Written answers

Thursday, 24 October 2019

Photo of Stephen DonnellyStephen Donnelly (Wicklow, Fianna Fail)
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173. To ask the Minister for Health when HIQA will be given powers to regulate private health care. [43919/19]

Photo of Simon HarrisSimon Harris (Wicklow, Fine Gael)
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The Health Information and Quality Authority (HIQA) was established in 2007. HIQA is an independent authority established to drive high-quality and safe care for health and social care services in Ireland. HIQA’s mandate extends across a range of public, private and voluntary sector services. Reporting to the Minister for Health and the Minister for Children and Youth Affairs, HIQA’s role is to develop standards, inspect and review health and social care services and support informed decisions on how services are delivered.

HIQA operates under the Health Act 2007, which sets out the functions which the Authority is to carry out. HIQA has responsibility for setting standards for healthcare services, and monitoring compliance with those standards. It also regulates facilities providing care for the elderly and those with disabilities, and has a role with regard to inspecting some of the social care services which are accessed by children to determine if they are meeting the relevant National Standards.  In addition, it undertakes functions in relation to Health Information and Health Technology Assessment.

Section 9 of the Act sets out the grounds under which HIQA may undertake an investigation into a particular service, or may be requested to undertake such an investigation by the Minister for Health.

The Act provides HIQA with the power to set standards for the healthcare services delivered by the HSE, and then to undertake monitoring programmes to assess compliance with these standards. In this regard, HIQA published the National Standards for Safer Better Healthcare in 2012; they represent the overarching standard which public health services are expected to meet. Flowing from these themes, HIQA have also developed standards for particular services, e.g. National Standards for the prevention and control of healthcare-associated infections in acute healthcare services. HIQA has in turn conducted a thematic inspection programme against these standards since 2012, which has resulted in the publication of over 300 reports of inspection visits to date. In addition, HIQA has also undertaken thematic inspection programmes in relation to nutrition and hydration in acute hospitals, and in relation to medication safety.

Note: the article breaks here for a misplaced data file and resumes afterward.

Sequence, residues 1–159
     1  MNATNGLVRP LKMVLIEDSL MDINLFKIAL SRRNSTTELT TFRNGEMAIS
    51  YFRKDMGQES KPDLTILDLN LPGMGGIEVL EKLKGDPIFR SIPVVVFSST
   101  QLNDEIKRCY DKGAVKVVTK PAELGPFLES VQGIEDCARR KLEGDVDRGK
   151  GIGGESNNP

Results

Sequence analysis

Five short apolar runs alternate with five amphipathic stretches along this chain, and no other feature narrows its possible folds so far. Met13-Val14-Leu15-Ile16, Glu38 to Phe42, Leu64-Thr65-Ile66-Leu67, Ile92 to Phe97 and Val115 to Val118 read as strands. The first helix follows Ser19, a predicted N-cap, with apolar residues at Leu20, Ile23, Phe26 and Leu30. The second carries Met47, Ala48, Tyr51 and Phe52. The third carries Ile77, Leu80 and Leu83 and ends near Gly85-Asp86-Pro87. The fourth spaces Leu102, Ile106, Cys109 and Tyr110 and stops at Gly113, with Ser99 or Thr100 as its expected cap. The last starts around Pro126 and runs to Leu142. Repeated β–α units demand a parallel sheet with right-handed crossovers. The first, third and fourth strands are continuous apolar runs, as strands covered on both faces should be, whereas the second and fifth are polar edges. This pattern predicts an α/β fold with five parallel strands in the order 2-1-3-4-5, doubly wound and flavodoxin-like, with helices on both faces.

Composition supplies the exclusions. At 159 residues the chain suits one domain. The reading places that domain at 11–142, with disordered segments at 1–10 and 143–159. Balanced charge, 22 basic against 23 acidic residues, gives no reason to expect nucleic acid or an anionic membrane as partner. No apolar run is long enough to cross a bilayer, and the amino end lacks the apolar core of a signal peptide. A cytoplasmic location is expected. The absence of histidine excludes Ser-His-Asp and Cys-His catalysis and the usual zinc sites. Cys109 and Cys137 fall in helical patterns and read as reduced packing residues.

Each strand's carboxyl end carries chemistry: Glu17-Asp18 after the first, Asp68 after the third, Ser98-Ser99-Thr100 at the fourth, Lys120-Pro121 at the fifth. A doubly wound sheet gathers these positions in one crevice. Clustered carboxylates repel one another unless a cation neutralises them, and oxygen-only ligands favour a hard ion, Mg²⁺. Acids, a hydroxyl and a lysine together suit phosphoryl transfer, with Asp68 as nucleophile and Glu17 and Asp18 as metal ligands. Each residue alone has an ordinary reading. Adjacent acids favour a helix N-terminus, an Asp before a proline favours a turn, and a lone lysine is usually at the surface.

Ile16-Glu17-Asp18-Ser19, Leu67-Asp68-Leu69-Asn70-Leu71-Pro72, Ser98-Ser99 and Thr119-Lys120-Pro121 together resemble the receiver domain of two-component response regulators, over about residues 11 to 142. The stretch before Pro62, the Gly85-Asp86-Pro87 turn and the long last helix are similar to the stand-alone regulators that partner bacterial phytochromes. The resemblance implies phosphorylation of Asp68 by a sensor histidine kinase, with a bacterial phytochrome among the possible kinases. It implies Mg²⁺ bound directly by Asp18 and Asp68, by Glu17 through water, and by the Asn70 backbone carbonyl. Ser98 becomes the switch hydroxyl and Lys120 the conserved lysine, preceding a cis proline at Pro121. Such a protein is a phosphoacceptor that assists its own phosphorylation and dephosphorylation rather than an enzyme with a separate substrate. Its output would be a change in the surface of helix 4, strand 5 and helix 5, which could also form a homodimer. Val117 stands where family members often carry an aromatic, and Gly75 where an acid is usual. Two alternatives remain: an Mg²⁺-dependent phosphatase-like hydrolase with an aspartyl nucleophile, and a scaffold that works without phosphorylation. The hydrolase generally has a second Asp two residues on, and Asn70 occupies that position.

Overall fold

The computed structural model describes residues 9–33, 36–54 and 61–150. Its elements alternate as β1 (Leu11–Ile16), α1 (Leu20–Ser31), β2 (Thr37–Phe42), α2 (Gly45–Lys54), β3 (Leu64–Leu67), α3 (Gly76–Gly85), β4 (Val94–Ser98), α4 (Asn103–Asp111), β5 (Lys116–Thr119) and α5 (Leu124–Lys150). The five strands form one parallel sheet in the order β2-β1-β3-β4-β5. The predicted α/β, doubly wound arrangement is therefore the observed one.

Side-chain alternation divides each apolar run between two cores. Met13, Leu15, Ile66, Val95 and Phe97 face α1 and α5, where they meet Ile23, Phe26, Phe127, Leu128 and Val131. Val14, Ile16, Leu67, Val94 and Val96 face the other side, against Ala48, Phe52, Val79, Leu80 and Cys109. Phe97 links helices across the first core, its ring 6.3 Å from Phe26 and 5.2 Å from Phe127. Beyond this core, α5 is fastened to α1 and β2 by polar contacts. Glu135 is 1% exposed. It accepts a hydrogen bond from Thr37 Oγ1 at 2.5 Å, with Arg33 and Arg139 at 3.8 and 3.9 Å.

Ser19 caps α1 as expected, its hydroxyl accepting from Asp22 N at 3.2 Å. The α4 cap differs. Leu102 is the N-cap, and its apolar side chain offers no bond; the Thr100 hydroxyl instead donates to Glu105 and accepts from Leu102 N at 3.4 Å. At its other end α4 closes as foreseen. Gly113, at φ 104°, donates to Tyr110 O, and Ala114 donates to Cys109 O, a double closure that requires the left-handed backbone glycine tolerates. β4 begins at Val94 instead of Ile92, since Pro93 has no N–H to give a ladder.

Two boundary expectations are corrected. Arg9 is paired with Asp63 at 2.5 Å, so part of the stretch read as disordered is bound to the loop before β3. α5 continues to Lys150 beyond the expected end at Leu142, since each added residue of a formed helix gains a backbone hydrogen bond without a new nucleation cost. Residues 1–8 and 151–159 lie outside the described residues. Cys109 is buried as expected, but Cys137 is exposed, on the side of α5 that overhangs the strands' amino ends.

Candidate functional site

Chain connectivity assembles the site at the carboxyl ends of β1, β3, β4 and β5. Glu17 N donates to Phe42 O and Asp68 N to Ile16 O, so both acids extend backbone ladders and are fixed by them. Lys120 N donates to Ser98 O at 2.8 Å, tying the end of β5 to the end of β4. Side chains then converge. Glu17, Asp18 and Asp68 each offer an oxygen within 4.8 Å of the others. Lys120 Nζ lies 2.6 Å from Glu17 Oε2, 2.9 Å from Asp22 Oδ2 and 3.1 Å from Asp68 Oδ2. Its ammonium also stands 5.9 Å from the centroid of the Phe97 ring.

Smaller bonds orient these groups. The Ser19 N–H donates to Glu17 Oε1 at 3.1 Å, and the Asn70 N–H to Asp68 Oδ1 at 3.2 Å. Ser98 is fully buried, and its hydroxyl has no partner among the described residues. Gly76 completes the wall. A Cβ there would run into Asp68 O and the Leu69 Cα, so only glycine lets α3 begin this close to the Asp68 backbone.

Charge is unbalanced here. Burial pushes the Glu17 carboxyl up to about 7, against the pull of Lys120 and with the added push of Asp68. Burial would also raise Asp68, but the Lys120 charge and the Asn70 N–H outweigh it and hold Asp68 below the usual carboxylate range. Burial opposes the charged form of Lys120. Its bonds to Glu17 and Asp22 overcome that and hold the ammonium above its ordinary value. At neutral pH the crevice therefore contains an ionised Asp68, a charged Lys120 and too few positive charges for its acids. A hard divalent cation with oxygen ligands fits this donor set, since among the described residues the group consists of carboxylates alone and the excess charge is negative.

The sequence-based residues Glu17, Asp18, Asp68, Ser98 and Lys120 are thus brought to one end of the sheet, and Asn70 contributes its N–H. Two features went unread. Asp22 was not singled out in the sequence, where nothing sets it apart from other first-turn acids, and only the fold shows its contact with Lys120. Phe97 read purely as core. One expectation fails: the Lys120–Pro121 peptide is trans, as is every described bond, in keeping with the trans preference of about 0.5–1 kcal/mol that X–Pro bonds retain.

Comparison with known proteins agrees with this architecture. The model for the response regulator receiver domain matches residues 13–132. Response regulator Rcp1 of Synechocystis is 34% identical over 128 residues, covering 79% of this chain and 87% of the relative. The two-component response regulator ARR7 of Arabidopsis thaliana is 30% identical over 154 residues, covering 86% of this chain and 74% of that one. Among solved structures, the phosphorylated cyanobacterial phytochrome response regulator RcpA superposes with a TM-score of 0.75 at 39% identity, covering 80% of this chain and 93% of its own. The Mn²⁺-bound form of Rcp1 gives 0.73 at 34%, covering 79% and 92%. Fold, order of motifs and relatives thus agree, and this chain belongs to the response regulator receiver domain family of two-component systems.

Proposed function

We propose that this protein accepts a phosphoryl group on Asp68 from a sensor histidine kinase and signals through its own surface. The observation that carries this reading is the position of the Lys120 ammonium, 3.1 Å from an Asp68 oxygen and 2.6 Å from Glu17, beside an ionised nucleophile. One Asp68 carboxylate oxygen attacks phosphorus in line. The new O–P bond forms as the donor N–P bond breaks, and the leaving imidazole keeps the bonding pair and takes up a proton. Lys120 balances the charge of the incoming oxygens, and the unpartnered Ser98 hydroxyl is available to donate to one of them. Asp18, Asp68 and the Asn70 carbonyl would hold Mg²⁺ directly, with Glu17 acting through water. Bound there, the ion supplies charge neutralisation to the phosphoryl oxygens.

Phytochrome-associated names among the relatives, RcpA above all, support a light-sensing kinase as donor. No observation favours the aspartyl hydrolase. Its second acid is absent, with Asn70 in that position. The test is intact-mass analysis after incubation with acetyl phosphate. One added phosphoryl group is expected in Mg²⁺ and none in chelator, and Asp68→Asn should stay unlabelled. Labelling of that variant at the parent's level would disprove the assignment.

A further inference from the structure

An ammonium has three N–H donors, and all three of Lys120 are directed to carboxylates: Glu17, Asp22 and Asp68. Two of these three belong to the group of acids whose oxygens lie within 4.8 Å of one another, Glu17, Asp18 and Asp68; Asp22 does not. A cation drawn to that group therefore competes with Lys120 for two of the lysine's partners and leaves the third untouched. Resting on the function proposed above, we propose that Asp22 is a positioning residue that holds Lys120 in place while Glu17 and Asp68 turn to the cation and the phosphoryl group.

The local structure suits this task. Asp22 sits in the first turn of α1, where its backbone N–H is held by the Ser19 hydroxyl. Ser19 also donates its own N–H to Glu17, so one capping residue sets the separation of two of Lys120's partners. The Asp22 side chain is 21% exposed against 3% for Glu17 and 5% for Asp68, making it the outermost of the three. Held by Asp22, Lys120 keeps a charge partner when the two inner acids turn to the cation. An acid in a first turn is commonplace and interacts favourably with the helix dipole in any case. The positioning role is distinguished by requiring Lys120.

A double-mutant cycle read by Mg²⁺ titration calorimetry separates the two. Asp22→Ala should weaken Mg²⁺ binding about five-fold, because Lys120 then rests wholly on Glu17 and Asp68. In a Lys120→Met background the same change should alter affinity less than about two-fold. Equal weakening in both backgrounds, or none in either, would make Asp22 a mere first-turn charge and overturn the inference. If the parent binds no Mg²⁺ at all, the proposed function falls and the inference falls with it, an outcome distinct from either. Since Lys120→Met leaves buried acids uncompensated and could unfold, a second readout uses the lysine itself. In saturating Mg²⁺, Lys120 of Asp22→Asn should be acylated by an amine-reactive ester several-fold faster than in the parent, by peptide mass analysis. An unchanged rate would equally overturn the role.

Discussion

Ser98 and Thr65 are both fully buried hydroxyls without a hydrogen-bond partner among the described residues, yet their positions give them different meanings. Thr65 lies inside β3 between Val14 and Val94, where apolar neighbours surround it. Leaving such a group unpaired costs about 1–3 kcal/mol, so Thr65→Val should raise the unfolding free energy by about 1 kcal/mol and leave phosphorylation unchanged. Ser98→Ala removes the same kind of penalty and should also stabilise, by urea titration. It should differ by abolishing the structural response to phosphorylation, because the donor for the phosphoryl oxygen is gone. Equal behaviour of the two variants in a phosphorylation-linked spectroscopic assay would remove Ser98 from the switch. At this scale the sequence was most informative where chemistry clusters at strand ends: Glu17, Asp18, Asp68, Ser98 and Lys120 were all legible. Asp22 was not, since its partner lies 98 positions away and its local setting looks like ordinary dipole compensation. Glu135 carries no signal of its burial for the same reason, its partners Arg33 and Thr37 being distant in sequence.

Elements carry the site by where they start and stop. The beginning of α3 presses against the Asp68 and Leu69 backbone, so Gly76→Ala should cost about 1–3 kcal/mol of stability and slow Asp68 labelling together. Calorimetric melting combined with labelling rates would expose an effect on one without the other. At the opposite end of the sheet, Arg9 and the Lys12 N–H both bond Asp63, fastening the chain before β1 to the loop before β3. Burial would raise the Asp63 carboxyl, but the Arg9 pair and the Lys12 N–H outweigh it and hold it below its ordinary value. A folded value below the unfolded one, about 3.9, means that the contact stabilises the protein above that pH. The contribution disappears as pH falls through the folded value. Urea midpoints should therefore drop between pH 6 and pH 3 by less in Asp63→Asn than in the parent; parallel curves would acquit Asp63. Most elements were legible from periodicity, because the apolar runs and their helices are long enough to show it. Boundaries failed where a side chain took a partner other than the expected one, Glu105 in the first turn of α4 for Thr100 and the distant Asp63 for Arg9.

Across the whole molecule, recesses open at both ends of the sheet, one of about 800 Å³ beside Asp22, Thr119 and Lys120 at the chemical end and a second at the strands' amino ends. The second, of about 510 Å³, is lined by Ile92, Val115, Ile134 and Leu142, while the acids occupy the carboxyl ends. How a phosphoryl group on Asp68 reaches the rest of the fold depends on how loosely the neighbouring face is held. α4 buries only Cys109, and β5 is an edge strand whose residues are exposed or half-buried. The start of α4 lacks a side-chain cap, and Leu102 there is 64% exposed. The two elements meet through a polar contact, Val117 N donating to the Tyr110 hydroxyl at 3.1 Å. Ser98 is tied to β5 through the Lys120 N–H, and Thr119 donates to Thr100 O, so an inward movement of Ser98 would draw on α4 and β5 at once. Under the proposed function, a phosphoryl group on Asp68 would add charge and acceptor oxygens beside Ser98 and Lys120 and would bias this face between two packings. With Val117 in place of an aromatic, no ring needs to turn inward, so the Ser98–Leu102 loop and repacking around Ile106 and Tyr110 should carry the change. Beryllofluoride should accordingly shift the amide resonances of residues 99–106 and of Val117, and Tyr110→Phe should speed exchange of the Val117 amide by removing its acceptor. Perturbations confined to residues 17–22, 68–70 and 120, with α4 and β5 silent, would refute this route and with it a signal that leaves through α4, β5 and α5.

In such cases, HIQA typically undertakes both announced and unannounced inspections of healthcare facilities in order to ascertain the degree of adherence to expected standards. A report of the inspection visit will subsequently be published on HIQA’s website, and frequently attracts media attention. In cases where remedial action is required, depending on the severity of the risk identified, HIQA may draw the matter to the attention of hospital management during the inspection and request an immediate response, or in less severe cases, will raise the issue in writing. In either case, an appropriate management response would be expected.

Further standards also continue to be developed i.e. most recently the National Standards for Safer Better Maternity Services and National Standards for the Conduct of Review of Patient Safety Incidents.

The Patient Safety Licensing Bill, in line with the Sláintecare Implementation Strategy, will see HIQA become the licensing authority for all hospitals and certain designated activities. The Bill will, for the first time, introduce a licensing requirement for all hospitals, public and private, and certain designated high risk activities in the community. It was approved by Government in December 2017 and underwent pre-legislative scrutiny at the Joint Oireachtas Committee on Health on 13 June 2018.

HIQA will be the licensing body, with statutory powers to require hospitals to undertake improvements and the authority to remove a licence from a service which is failing to meet required standards.

In advance of a formal licensing regime for public and private hospitals it is proposed that the Patient Safety Bill will bring the private/independent healthcare sector within the remit of the Health Act 2007. The proposed bill will extend HIQA’s powers to set and monitor standards, and undertake investigations, where necessary, to the private acute hospital sector. The Patient Safety Bill underwent Pre-Legislative Scrutiny at the Oireachtas Health Committee on 26 September 2018.  Officials of my Department and the OPC are continuing to progress this legislation.  It is expected that the Patient Safety Bill will be brought to Cabinet next month. 

 It should also be noted that HIQA is now responsible for the regulation of medical exposure to ionising radiation. This follows my signing of the new Statutory Instrument 256/2018 on 9th January last governing the regulation of medical exposures to ionising radiation.  

HIQA was designated to take on the responsibilities of the “Competent Authority” for Medical Ionizing Radiation, as required by European Directive 2013/59/Euratom. These functions formerly resided with the HSE, however the transfer of responsibility was required in order to ensure Ireland complied with the European regulations. Such a move was also recommended by the International Atomic Agency in its review of Irish regulatory practice in this area.

I have set out above the current responsibilities of HIQA, and the additional roles it is expected to acquire in the coming period. However, I can also assure the Deputy that HIQA's role and remit will continue to be kept under review by my Department. 


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